Thomas Robert Malthus: Biography & Theory

Instructor: Robin Harley

Robin has a PhD in health psychology. She has taught undergraduate and graduate psychology, health science, and health education.

Thomas Robert Malthus was an English scholar best known for his theory of population growth, in which he argued that a population could outgrow its resources if left unchecked. In this lesson, we will discuss his life and most influential work.

Who was Thomas Robert Malthus?

Did you know that in March of 2012, the Earth's population exceeded seven billion people? According to the latest statistics from the Population Reference Bureau, our numbers increase by over 228,000 every single day. All of these people need food, water, space, and energy. Our unprecedented growth has put a strain on our infrastructures, governments, economies, social institutions, and the environment.

This is not a new concern; one of the first scholars to publicly address the dangers of population growth was Thomas Robert Malthus (1766-1834). Let's first take a look at who the man was and why he was concerned about population growth.

Thomas Robert Malthus (1766-1834)
Thomas Robert Malthus


Thomas Robert Malthus was born in 1766 in Surrey, England. He began his education at home until he enrolled in Jesus College, Cambridge to study for his undergraduate and graduate degrees. He became a fellow at Cambridge in 1793 and later went on to be the first professor of history and political economy at the East India Company's college in Hertfordshire.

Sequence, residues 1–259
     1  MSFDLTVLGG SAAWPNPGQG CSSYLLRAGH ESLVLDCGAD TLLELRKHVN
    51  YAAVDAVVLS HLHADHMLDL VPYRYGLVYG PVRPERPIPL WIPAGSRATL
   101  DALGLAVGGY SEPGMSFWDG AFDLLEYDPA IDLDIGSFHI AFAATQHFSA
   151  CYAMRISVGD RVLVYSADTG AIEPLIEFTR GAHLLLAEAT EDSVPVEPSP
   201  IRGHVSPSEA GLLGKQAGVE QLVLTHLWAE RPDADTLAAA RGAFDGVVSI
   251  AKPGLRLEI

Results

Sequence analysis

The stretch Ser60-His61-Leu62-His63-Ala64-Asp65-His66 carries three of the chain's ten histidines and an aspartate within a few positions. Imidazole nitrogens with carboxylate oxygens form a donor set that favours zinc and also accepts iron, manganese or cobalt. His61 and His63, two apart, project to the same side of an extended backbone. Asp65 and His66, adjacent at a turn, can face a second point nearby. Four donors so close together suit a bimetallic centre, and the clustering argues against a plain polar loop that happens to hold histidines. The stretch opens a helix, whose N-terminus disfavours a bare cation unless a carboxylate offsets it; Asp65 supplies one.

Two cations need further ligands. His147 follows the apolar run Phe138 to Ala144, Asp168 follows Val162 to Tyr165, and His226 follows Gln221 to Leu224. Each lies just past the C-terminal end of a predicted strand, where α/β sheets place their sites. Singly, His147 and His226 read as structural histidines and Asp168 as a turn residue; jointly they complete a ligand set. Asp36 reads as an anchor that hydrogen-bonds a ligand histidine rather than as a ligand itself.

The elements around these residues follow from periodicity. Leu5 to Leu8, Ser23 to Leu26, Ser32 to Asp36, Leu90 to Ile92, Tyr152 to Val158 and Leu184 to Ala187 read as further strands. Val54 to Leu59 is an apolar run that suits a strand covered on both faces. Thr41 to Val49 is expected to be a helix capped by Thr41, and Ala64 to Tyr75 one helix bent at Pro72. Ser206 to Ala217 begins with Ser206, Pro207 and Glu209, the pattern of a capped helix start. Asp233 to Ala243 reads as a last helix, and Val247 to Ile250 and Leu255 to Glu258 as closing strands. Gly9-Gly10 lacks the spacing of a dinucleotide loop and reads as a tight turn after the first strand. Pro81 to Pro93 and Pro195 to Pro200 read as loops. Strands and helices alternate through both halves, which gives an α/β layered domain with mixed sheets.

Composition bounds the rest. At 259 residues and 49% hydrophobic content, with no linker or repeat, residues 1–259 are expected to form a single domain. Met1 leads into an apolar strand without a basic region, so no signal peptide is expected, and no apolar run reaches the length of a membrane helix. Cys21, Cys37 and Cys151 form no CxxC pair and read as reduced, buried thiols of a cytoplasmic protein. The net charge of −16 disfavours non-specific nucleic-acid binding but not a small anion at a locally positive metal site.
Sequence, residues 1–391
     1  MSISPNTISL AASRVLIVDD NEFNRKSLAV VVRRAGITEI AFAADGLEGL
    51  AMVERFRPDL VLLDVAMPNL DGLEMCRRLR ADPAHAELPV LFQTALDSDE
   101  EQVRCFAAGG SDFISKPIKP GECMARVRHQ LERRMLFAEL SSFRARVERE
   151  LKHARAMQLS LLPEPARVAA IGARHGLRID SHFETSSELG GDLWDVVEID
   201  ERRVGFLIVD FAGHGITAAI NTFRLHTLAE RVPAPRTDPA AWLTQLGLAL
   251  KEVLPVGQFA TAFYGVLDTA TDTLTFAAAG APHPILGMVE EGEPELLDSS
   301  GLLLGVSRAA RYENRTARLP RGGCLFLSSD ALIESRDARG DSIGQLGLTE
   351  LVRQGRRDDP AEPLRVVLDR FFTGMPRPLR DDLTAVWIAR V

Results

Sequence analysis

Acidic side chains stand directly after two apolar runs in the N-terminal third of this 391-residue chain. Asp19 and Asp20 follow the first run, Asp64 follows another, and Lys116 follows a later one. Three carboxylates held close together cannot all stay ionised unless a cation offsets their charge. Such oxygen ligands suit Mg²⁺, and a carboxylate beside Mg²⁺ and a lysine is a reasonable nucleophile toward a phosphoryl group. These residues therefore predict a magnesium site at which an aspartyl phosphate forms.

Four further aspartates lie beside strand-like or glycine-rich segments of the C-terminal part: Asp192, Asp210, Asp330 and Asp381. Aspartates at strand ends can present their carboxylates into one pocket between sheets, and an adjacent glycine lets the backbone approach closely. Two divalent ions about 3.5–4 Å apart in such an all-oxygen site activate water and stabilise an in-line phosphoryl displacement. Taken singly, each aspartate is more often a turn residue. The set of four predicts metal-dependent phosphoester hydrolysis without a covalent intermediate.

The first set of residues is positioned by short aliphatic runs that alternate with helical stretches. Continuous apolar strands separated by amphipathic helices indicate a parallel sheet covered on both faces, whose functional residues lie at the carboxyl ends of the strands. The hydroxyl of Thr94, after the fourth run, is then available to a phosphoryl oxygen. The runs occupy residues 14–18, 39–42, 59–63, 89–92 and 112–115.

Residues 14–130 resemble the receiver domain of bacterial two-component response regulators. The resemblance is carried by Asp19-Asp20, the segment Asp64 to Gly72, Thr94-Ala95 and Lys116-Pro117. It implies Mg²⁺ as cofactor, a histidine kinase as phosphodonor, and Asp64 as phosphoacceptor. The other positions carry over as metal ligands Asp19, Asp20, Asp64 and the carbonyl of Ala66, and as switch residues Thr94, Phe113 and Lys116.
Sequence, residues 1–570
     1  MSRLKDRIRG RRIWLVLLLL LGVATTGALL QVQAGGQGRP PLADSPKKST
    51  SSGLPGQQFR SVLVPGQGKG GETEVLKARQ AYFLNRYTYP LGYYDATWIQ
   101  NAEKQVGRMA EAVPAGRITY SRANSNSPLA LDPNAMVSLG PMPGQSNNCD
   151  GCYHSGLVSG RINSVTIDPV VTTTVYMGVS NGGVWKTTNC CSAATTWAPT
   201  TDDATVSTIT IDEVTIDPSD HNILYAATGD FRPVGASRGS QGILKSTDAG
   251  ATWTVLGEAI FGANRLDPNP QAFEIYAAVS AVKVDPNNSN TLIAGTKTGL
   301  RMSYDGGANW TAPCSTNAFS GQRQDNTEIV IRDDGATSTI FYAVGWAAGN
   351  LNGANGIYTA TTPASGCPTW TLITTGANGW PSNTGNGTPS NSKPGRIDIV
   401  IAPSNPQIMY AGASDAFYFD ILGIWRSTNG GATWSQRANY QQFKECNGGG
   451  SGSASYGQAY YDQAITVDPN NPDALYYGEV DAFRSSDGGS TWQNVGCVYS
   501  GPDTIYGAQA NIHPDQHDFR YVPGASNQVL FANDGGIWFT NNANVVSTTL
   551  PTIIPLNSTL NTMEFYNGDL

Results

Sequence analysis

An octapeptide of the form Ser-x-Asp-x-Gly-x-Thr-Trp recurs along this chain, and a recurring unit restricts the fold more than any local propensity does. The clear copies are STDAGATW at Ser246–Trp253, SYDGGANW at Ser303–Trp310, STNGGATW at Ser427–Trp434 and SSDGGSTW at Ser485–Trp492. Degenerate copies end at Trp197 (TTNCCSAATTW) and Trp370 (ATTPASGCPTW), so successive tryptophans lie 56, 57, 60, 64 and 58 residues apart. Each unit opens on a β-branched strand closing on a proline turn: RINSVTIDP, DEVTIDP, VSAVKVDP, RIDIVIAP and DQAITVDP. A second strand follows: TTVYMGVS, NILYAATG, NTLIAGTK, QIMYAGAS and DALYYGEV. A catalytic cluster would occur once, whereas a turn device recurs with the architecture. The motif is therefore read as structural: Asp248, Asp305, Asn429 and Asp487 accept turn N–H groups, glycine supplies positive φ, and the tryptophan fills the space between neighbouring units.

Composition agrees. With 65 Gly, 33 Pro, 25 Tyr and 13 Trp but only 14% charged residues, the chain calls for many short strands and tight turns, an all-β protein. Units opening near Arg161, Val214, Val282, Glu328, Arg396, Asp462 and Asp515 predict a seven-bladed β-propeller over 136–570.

His early writings consisted of pamphlets that addressed political and economic issues of his time. In opposition to the prevailing 18th century European view that society was improving toward a potential utopia, he wrote about the dangers of excessive population growth. It's no wonder, then, that Malthus has historically been regarded as a colossal pessimist! Despite this reputation, his work on population growth is still widely used and debated today.

Malthus on Population Growth

Malthus's best-known work was his 1798 essay, An Essay on the Principle of Population. He wrote that population growth occurs exponentially, which means that it increases according to the birth rate. For example, imagine a family tree. If every family member reproduces, the tree will continue getting bigger with each generation. On the other hand, food production increases arithmetically, so it only increases in given increments over time. Malthus wrote that, left unchecked, populations can outgrow their resources.

Malthus also wrote that there are two ways to 'check' the population growth rate. Preventive checks include things people might do themselves to prevent rapid population growth. For instance, Malthus was a proponent of a concept he called moral restraint, in which people resist the urge to marry and reproduce until they are capable of supporting a family.

Positive checks to population growth could be anything that might shorten the average lifespan, including poor living and working conditions, disease, famine, and war. These positive checks would result in a Malthusian catastrophe, or a forced return of a population to sustainable levels.

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